Writer, illustrator, and knitter Franklin Habit joins us for his monthly column featuring humor and insights into a yarncrafter’s life.
I’m terribly sorry, but I don’t have time to stroll around the mall sipping a Giganto Grande Pumpkin Spice Extra Foam No Whip Latte. I have to go to a fiber festival. If you are reading this, very likely you also have to go to a fiber festival, or are getting ready to go to a fiber festival, or have just come back from a fiber festival. Possibly all three.
October for most grown-up folks means Halloween. That’s cool. Dancing around and getting squiffy on Pumpkin Spice Vodka Tonics while dressed as Sexy Nurse or Sexy Ghost or Sexy Claims Adjuster isn’t my idea of a zingy time, but it doesn’t matter. I have no room for Halloween parties. I don’t know if you’ve heard, but I have to go to a fiber festival.
Perhaps you have not yet visited a fiber festival. Perhaps you have only recently been inducted into the enthusiastic, international group hug that is the fiber arts community. If so, you may be confused by the unfamiliar urge to walk out the front door and follow the scent of sheep dip and fried dough.
You may find yourself standing in front of a sign that says WELCOME TO RHINEBECK and wondering where you are, what you are doing there, and how you got so far from your home in Hickory Flat, Mississippi, without even realizing it.
Keep calm. You are going to be fine. In fact, you are going to have a ball, provided you observe the following.
The importance of sensible footwear cannot be overstated. Fiber festivals take place in and around dirt. If it rains, it will be muddy. If it does not rain, it will be dusty. Steel toes offer protection from the clomping feet of your fellow visitors, who will not hesitate to scale you like an Alp if it means getting first pick of the hand-dyed dryer lint everybody on Ravelry is talking about. Grippy soles will speed your escape should a band of rogue sheep break out of the ring and attempt to stampede for freedom, which happens all the time.
Not too much comfort. Don’t show up in the stained, mismatched Michigan State sweats you wear to lie on the sofa eating ice cream after you’ve called in “sick” from work. Nobody needs to see that. However, neither should you feel obligated to dress as the mascot of your favorite baseball team or hamburger chain; this has not been the fashion since the early 1960s. Country casuals are the order of the day, especially if hand knit or hand woven. Tradition dictates that participants in the sheep-to-shawl competition appear in full evening or court attire.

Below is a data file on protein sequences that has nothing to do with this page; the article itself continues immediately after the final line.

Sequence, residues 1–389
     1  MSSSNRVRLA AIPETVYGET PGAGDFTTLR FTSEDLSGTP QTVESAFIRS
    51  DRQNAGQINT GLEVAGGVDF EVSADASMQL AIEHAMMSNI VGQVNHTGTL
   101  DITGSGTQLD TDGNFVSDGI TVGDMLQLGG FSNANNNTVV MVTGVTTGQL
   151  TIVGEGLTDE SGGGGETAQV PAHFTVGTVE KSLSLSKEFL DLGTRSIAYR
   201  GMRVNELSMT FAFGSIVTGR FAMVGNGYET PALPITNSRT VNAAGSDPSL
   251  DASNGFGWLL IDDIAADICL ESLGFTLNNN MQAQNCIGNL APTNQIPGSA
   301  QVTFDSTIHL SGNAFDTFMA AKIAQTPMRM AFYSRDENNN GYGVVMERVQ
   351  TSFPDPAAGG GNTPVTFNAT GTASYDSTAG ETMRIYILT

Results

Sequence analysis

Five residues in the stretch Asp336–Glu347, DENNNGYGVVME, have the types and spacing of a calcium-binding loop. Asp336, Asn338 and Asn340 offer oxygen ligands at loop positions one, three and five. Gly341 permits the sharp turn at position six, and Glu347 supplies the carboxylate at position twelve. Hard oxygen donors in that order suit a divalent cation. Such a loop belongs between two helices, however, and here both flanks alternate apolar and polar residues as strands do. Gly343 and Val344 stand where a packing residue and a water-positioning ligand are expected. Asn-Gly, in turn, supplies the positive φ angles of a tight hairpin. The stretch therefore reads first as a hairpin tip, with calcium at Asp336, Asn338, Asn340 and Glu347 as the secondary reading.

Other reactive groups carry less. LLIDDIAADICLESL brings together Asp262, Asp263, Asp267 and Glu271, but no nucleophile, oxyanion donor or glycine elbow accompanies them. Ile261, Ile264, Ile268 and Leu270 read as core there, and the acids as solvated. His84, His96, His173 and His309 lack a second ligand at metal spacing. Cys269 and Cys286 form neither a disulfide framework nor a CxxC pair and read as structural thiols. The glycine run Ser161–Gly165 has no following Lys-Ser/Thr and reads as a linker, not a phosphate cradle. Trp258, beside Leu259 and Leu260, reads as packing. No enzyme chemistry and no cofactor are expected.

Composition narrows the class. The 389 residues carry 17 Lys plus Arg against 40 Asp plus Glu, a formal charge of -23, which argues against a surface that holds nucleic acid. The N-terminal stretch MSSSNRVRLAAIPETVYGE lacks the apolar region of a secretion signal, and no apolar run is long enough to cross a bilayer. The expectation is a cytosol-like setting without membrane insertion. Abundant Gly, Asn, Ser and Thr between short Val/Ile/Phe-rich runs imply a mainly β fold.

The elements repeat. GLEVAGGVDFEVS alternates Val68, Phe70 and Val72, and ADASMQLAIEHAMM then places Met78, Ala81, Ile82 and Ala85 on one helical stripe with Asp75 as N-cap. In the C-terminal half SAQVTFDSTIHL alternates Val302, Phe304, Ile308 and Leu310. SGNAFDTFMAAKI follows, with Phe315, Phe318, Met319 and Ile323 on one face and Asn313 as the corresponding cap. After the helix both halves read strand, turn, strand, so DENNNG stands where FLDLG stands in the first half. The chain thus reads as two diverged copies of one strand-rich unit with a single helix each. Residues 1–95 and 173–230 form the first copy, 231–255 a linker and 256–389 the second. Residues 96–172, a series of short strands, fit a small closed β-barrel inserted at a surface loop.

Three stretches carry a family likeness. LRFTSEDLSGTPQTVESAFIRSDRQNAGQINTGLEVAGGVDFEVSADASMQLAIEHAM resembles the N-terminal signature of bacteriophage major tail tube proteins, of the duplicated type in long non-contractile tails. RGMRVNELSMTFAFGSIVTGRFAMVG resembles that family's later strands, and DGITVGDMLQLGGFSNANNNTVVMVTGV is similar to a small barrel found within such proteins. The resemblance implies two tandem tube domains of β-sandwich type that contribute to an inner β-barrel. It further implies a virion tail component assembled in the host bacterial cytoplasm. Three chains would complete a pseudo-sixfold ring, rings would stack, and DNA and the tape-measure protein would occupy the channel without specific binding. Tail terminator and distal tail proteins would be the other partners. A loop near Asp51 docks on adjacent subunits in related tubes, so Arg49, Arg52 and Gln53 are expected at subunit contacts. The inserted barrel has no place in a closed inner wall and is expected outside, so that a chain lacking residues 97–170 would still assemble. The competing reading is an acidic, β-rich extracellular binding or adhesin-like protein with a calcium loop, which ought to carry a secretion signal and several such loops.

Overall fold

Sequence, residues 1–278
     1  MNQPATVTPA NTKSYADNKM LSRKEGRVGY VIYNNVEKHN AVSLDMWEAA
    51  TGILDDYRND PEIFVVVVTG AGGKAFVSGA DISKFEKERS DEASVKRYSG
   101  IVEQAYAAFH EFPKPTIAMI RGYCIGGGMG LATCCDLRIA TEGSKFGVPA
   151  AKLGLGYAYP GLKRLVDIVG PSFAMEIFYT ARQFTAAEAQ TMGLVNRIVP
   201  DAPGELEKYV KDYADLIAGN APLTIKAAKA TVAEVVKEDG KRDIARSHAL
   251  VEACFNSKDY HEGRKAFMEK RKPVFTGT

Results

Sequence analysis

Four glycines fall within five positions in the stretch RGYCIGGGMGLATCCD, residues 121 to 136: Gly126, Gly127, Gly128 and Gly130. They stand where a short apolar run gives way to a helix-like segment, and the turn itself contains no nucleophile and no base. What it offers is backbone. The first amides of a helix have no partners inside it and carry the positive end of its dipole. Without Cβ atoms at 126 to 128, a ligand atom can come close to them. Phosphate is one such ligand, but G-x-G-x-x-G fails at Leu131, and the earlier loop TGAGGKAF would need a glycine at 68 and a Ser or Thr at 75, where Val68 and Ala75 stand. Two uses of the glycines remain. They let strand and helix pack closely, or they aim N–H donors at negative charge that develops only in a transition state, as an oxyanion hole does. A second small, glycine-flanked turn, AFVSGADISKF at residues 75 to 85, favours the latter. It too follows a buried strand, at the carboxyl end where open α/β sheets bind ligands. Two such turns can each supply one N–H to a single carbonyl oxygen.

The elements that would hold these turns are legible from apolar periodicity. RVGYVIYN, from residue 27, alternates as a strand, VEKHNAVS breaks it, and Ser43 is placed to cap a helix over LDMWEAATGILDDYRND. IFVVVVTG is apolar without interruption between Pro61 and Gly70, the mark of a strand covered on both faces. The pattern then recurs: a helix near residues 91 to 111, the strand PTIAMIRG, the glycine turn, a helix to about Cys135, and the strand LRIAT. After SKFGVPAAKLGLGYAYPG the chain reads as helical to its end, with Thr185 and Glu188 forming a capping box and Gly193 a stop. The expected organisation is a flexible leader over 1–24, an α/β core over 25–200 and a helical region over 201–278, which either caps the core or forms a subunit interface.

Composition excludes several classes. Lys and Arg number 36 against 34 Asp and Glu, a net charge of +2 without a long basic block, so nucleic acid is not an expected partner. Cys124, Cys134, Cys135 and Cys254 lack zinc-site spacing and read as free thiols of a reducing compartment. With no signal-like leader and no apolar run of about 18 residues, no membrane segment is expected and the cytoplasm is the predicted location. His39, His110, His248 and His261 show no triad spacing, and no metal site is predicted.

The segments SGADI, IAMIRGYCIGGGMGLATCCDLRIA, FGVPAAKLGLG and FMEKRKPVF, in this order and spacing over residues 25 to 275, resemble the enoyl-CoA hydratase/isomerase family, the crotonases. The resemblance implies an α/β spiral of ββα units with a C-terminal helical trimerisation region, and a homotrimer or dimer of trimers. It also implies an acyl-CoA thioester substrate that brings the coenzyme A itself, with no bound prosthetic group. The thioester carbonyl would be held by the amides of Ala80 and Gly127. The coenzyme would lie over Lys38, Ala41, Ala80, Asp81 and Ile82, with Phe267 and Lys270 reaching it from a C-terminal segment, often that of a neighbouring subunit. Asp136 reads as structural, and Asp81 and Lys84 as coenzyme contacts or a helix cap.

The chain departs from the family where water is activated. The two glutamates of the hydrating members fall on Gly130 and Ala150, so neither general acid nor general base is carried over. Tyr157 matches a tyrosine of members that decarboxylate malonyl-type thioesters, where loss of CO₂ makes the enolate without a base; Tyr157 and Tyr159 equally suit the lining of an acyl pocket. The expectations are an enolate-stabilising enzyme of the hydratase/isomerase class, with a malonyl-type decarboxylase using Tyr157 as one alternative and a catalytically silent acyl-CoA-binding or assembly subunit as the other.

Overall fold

Festivals are not only more fun with a friend, they’re easier to navigate. When heavy crowds impede your swift progress through the vendor market, simply link arms and press forward like a human snowplow. Remember trying to get to the front of the piña colada line at Studio 54 in 1978? I don’t. But do it like that.
Many a careless festival attendee has regained consciousness the morning after Rhinebeck with an empty purse and a spare bedroom full of live llamas and remorse.*
Don’t even put on your lucky festival underpants until you’ve decided how much you can afford to spend. And how will you keep yourself honest? Here’s a tip: Give your credit cards to your festival buddy, understanding that you will not get them back until the festival is over; or until steady pressure on the buddy’s windpipe has caused a tunnel of heavenly light to open up. Whichever comes first.
Before plunging in, take a moment to study the schedule and the map. Circle the events you wish particularly to see with a stout red marker. With a second (blue) marker, draw boxes around the booths of the vendors you wish particularly to visit. Now, connect the circles and boxes with wavy lines in the color of your choice. Does what you’ve drawn look anything like a duck? I hope so.
If you admire a handmade article of clothing being worn by another visitor, it is perfectly acceptable to ask questions about the yarn and the pattern. However, if she tells you to get out and close the door, it is not polite to steal the roll of toilet paper as you leave.
Buying a raw fleece is tempting, but fraught with peril for the untutored. Caveat emptor!** Look closely at the fleece. Does it appear to be made of dust bunnies held together with duct tape? This is to be expected. Stop complaining. Is it full of chewing gum? If so, reject it. Leave the booth immediately. When you have calmed down a little, pause and give the vendor a frowny face on Yelp.
They’re no good at it anyway.
*An exotic fiber taken from the rare East Andalusian Double-Coated Remorse–a sort of yak-like pig, only more fragrant and with frizzy hair. It’s protected now, so you can’t have any. But I’ve got piles of it in my stash that I’m saving for my wedding night.
** Latin,”I told you no whip, extra foam on this Pumpkin Spice Latte!”.
Writer, illustrator, and photographer Franklin Habit is the author of It Itches: A Stash of Knitting Cartoons (Interweave Press, 2008–now in its third printing) and proprietor of The Panopticon (the-panopticon.blogspot.com), one of the most popular knitting blogs on Internet. On an average day, upwards of 2,500 readers worldwide drop in for a mix of essays, cartoons, and the continuing adventures of Dolores the Sheep. Franklin’s other publishing experience in the fiber world includes contributions to Vogue Knitting, Yarn Market News, Interweave Knits, Interweave Crochet, PieceWork, Cast On: A Podcast for Knitters, Twist Collective, and a regular column on historic knitting patterns for Knitty.com.
These days, Franklin knits and spins in Chicago, Illinois, sharing a small city apartment with an Ashford spinning wheel and colony of sock yarn that multiplies alarmingly whenever his back is turned.